The Do’s and Dont’s of Exfoliating, Based on Your Skin Type


If you’ve ever dreamed of velvety soft skin, exfoliators are here to help. Exfoliation, or the act of removing the dead skin cells from the outermost surface of the skin, can be achieved two ways: You can exfoliate by physically scrubbing away the dead skin cells with facial brushes, microdermabrasion, washcloths, and grain-based scrubs. You can also chemically exfoliate with products that dissolve dead skin cells.

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Chemical-based exfoliators have similar compounds to chemical peel ingredients like alpha and beta hydroxy acid, lactic acid, glycolic acid or salicylic acid—all of which work to gently dissolve the dead skin cells.

Mechanical or chemical exfoliation of your skin removes the dead skin layer increasing the penetration of other products that you place on the skin surface and enhances their absorption into the skin. In addition, because you are removing the dull, dead skin cells it helps to make your skin look brighter and more radiant.

Exfoliation is an easy and necessary step to achieving baby-like skin. Dr. Robyn Gmyrek, a dermatologist at Union Dermatology, broke down the specifics of exfoliation 101. Ahead you’ll find what to look for in an exfoliator depending on your skin type and a few product suggestions to begin your new skin journey.

If you have dry skin…

Avoid products with high amounts of alcohol. You would want to look for exfoliants that have moisturizing ingredients such as coconut oil, shea butter, or ceramide. Since your skin tends to be dry, you should only exfoliate one to two times a week followed by a strong moisturizer.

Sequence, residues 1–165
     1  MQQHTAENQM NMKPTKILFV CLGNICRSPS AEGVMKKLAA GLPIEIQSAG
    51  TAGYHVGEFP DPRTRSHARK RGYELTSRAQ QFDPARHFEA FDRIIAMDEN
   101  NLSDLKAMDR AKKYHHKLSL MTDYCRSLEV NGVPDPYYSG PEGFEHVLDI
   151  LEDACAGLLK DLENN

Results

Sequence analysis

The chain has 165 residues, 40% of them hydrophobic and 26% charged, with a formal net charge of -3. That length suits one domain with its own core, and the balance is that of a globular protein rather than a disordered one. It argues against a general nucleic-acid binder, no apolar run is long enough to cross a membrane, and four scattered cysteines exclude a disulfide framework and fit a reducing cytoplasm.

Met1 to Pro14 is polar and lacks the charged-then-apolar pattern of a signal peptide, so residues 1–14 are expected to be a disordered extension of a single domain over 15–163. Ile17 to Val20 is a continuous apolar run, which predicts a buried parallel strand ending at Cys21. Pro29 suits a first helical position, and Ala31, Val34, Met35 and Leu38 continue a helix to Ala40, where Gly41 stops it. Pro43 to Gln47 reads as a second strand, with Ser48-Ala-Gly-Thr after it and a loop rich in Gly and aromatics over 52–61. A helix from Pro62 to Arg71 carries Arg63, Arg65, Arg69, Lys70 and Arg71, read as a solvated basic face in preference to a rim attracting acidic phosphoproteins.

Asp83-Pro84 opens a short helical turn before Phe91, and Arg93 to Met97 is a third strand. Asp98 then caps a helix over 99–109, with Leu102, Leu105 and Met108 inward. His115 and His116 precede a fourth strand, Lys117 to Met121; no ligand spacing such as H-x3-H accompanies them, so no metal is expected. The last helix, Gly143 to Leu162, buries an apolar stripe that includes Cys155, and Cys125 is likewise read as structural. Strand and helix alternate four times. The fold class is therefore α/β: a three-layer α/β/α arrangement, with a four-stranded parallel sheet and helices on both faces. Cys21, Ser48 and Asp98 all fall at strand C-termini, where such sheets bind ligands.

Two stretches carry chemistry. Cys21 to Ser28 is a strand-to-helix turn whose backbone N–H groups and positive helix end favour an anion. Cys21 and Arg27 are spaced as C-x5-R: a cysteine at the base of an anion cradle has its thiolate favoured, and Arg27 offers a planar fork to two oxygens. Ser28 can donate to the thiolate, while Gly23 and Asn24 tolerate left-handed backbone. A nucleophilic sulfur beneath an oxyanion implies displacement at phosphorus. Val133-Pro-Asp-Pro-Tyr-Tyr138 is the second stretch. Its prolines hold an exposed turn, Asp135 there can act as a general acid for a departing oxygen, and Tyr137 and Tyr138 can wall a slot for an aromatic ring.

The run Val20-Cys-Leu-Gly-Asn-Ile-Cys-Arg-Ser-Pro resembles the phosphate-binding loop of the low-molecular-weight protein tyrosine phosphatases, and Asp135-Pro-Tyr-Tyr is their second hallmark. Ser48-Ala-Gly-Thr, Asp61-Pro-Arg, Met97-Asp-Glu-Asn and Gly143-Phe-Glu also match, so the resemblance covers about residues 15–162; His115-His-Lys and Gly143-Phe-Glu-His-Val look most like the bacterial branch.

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If you have oily skin…

Oily skin has a higher tolerance so you can exfoliate up to five times a week depending on the product. You should look for products that contain alpha or beta acids, salicylic or glycolic acids. Still moisturize after exfoliation, however, and be sure to not overdo it! If you dry out your skin too much it can cause redness and irritation. You may even stimulate increased oil production as your body responds to being over dry.

If you have normal skin…

Normal skin can exfoliate two to three times per week. While normal skin has the most options, if you exfoliate too much you will do more harm than good. You can manually exfoliate with a brush or washcloth as well chemically-based products that include granular sugar, crushed apricot pits or walnut shells and light amounts of acids. Start slowly and see what your skin can tolerate.

If you have combination skin…

If you have combination skin (i.e. your T-zone is oily and your cheeks are dry), you should keep the majority of your exfoliation to the T-zone area. You should follow exfoliation with moisturizer applied heavily to the dry skin areas and sparsely to the oily areas.

Special tips for women of color:

Dr. Gmyrek notes that exfoliation can be extra beneficial to people of color, who are prone to hyperpigmentation. The process works to remove brown spots and aids the penetration of chemical agents for hyperpigmentaton. Exfoliation can also especially help improve dry patches in darker skin types.

A few more dermatologist tips to remember:

  • Do not over exfoliate. If you do, your skin may become red and start to peel or flake.
  • If you have chronic or cystic acne or skin is already inflamed, you can irritate it further with exfoliation so it’s best to avoid it.
  • Always moisturize after you exfoliate, because you need to replenish the moisture you have just removed.
  • Consider the skin care products you’re already using: Some medications and even over-the-counter products may cause your skin to be sensitive or peel such as prescription products containing retinol or benzoyl peroxide. If you exfoliate while using these products, you may worsen dry skin and even cause acne breakouts.

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